Physics is the study of the laws of nature that govern the behaviour of the universe, from the very smallest scales of sub-atomic particles to the very largest in cosmology. It applies these laws to the solution of practical problems and to the development of new technologies. Physicists engage a broad range of skills to undertake this work. A physicist might be a theorist puzzling over fundamental laws, a numerical modeller developing sophisticated computer algorithms to calculate how systems behave, an experimentalist developing new techniques to measure properties of nature or an engineer combining those theories and techniques into new technologies. Physics is becoming increasingly interdisciplinary, as physicists work with mathematicians, engineers, chemists and biologists in order to understand and solve a wide range of problems confronting society.

Physics is a challenging and rewarding subject. Its study instructs a person in the art of critical thinking, how to pose questions and how to solve problems. Physics is at the heart of almost every facet of modern life.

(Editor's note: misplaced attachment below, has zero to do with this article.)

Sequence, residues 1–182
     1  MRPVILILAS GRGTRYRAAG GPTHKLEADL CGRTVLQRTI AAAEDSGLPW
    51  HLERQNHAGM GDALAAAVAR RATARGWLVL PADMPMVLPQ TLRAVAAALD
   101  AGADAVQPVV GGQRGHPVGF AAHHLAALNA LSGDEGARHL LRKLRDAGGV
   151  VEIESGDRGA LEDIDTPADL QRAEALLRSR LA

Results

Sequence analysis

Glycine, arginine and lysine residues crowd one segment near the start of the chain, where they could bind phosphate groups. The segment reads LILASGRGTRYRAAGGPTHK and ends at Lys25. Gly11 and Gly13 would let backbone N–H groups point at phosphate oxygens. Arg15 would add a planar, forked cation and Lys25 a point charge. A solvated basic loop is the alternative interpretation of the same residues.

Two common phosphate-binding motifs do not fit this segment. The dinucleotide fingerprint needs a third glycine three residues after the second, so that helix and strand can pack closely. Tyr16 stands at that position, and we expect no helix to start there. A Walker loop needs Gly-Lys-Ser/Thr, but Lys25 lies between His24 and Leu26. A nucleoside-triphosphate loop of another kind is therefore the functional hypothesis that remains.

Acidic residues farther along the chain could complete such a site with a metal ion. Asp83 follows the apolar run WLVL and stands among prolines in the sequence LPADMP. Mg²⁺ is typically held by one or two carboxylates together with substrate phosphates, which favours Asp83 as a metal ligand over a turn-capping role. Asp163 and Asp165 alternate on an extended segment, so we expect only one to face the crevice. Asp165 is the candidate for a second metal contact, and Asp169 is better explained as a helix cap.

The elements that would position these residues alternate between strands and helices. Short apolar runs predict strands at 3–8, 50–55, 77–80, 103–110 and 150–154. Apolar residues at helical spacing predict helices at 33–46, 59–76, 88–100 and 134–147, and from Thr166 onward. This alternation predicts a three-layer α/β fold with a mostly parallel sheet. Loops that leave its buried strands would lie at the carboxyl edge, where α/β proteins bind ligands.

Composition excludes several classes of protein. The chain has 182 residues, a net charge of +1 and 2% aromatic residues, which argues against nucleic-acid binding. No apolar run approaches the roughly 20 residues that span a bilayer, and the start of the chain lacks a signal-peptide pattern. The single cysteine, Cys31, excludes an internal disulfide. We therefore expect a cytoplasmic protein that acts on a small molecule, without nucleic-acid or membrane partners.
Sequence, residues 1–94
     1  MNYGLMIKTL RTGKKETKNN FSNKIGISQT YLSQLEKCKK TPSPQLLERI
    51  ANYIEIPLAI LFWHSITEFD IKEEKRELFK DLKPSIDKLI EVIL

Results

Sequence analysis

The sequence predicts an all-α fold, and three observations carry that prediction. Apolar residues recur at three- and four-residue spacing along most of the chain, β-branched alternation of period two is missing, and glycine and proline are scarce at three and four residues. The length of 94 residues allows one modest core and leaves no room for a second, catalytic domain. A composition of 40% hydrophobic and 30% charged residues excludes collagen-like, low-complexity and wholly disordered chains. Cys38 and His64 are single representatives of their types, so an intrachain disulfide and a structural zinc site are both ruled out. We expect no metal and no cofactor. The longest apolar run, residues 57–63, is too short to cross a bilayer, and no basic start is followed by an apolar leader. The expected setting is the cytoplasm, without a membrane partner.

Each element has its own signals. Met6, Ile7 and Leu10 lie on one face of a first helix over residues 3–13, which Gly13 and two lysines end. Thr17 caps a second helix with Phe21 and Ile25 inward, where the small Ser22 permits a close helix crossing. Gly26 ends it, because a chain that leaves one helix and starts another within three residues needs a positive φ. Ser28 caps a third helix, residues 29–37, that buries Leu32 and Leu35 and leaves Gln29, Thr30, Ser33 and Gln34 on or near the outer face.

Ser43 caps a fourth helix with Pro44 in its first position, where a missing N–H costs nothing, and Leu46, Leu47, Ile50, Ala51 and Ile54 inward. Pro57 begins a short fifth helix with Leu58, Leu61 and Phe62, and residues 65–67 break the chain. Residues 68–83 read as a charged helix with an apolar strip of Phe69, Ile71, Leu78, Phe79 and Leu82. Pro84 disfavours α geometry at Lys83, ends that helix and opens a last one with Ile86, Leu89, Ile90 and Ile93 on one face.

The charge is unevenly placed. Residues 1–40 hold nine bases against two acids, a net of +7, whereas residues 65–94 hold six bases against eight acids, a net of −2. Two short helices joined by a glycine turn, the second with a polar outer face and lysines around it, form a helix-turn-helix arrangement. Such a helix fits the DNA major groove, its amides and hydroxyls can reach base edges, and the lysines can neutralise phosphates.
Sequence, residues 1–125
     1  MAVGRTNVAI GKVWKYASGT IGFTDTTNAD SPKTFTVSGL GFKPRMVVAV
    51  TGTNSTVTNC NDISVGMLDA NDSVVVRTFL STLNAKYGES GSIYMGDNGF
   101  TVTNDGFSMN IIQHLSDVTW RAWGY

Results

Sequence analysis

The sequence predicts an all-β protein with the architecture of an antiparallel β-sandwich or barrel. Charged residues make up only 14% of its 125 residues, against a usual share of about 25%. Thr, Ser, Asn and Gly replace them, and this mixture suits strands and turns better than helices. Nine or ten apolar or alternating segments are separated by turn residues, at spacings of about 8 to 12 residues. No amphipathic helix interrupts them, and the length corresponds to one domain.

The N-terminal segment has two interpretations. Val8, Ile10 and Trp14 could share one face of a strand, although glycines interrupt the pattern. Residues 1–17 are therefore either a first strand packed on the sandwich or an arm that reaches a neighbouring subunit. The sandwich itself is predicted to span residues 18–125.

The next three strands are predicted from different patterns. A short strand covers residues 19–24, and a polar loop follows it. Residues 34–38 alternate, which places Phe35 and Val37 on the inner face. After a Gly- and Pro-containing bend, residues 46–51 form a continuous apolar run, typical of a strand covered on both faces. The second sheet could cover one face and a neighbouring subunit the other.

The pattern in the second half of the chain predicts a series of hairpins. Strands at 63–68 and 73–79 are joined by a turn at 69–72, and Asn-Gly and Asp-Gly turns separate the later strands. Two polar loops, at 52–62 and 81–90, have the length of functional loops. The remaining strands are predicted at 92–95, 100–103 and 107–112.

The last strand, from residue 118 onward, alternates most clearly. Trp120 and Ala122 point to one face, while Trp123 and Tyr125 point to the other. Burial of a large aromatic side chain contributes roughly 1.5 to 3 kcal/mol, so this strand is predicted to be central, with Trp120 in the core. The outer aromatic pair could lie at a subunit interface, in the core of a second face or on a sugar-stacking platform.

Graduates with a physics degree go into a wide range of careers including scientific research, education, and the computing and financial sectors. A knowledge of physics, and the scientific methods learnt while studying a physics degree will prove valuable in any future career.

Studying physics at UNSW is an opportunity to study with world-class researchers, many of whom have also won awards for their innovative teaching. Undergraduate students can take advantage of the flexibility of the science degrees to combine studying physics with other science courses, or even courses from other faculties.